Yesterday Ace linked to an article reporting on a study that appears to be saying saturated fat is good for you. The subtitle at the report’s link indicates that the research “overturned previously accepted wisdom.”
Actually, not really.
First of all, one small study of this type doesn’t “overturn” much of anything. Secondly—as is almost always the case with mass media reports of studies on health, the linked article at the Express gets an awful lot about the research wrong.
Let’s look at the actual study, shall we? Unfortunately, the full text is unavailable unless you shell out a lot more money than I’m willing to pay. But the abstract is here, and the research findings appear quite mild. In fact, completely unremarkable.
First we have the number of participants, variously reported as 46 or 38 (eight apparently dropped out) overweight men between 30 and 50 and divided into two groups, each of which received a different diet. So half got the high-fat diet, which makes the number of subjects very small indeed. And we have no idea what the age distribution was, just the range. At any rate, we’re not talking about older people, the population most at risk for heart disease. Whatever findings there were, we have no idea whether they can extrapolated to a more general population.
Both groups got a diet. One was high fat (73% of calories from fat) and one low fat (30% of calories from fat). Both groups lost weight. We know that losing weight tends to improve blood pressure and cholesterol and other such markers, however it is lost, so if both groups lost weight one would expect things like blood pressure to go down. Both groups ate the same number of calories, the same amount of protein, and their diets “emphasiz[ed] low-processed, lower-glycemic foods.” In other words, they were very healthful, highly-controlled diets that differed only in the ratio of fat to carbs consumed.
The abstract is mum on what they actually ate. But none of the articles I read that reported on the research (and I read many) indicated that red meat was a big part of the diet of either group. Instead:
…[T]he food types were the same [in both groups] and varied mainly in quantity, and intake of added sugar was minimized.
“We here looked at effects of total and saturated fat in the context of a healthy diet rich in fresh, lowly processed and nutritious foods, including high amounts of vegetables and rice instead of flour-based products,” says PhD candidate Vivian Veum.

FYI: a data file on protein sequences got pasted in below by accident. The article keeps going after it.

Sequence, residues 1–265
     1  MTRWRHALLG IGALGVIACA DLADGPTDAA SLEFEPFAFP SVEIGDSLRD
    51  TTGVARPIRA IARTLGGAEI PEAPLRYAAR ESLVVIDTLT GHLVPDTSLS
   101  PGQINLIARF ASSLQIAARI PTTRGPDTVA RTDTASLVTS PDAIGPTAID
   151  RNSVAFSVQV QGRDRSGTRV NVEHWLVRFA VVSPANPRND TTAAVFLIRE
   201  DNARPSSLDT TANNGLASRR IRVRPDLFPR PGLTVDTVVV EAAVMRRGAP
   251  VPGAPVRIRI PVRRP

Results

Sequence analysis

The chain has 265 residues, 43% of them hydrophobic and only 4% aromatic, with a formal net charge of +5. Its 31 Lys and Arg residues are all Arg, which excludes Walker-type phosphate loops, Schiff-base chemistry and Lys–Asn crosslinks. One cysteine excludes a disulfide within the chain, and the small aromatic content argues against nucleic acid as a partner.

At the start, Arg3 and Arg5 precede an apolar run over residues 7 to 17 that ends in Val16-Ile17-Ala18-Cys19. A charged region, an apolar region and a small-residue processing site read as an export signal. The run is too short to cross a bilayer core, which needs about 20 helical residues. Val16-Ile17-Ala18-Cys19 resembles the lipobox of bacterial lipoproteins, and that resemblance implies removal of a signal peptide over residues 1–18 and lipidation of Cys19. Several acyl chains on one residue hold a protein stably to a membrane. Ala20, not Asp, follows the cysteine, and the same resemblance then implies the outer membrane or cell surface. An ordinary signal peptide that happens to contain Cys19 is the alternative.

“The fat sources were also lowly processed, mainly butter, cream and cold-pressed oils.”
In the high-fat group, only half the fats were saturated, and the other half consisted of oils.
My sense is that for both groups the diet was mainly very low sugar and mostly vegetarian except for dairy products. This is a far cry from saying something like “red meat is good for you,” and it certainly doesn’t say “red meat is better for you than carbohydrates.”
And then there are the actual results. None of the MSM articles I read made it clear that the findings were essentially the same for both groups. Nor did they emphasize the fact that the diet was only followed for three months, and all the effects were small.
Back to the abstract:
The diets similarly reduced waist circumference (11–13 cm), abdominal subcutaneous fat mass (1650–1850 cm3), visceral fat mass (1350–1650 cm3), and total body weight (11–12 kg). Both groups improved dyslipidemia, with reduced circulating triglycerides, but showed differential responses in total and low-density lipoprotein cholesterol (decreased in LFHC group only), and high-density lipoprotein cholesterol (increased in VHFLC group only). The groups showed similar reductions in insulin, insulin C-peptide, glycated hemoglobin, and homeostasis model assessment of insulin resistance.
The best non-technical article I saw on the subject was this one at a British health website:
After various drop-outs, only 38 of the original 46 men were available for analysis – just 18 in the LFHC group and 20 in the VHFLC group.
Body weight dropped by about 11-12kg, or 3.6 BMI points in both groups over the 12-week period.
Total abdominal fat and fat around the organs decreased by roughly 20-30% in both groups. Waist circumference decreased by 11-13cm. There were no significant differences between the groups.
Fasting blood sugar only reduced in the LFHC group, but there were no other between-group differences for other measures of blood sugar control, such as insulin.
Levels of one type of fat (triglycerides) decreased in both groups. Low-density (“bad”) cholesterol decreased only in the LFHC group, but high-density (“good”) cholesterol increased only in the VHFLC group.
Improvements were noted to occur within the first eight weeks in the VHFLC group, but were more gradual in the LFHC group.
The men were all healthy to begin with, by the way, because anyone with pre-existing disease had been eliminated.
So that’s it, folks. Something of a nothingburger—perhaps literally (were they allowed burgers? Your guess is as good as mine—unless you want to pay for the article and see.)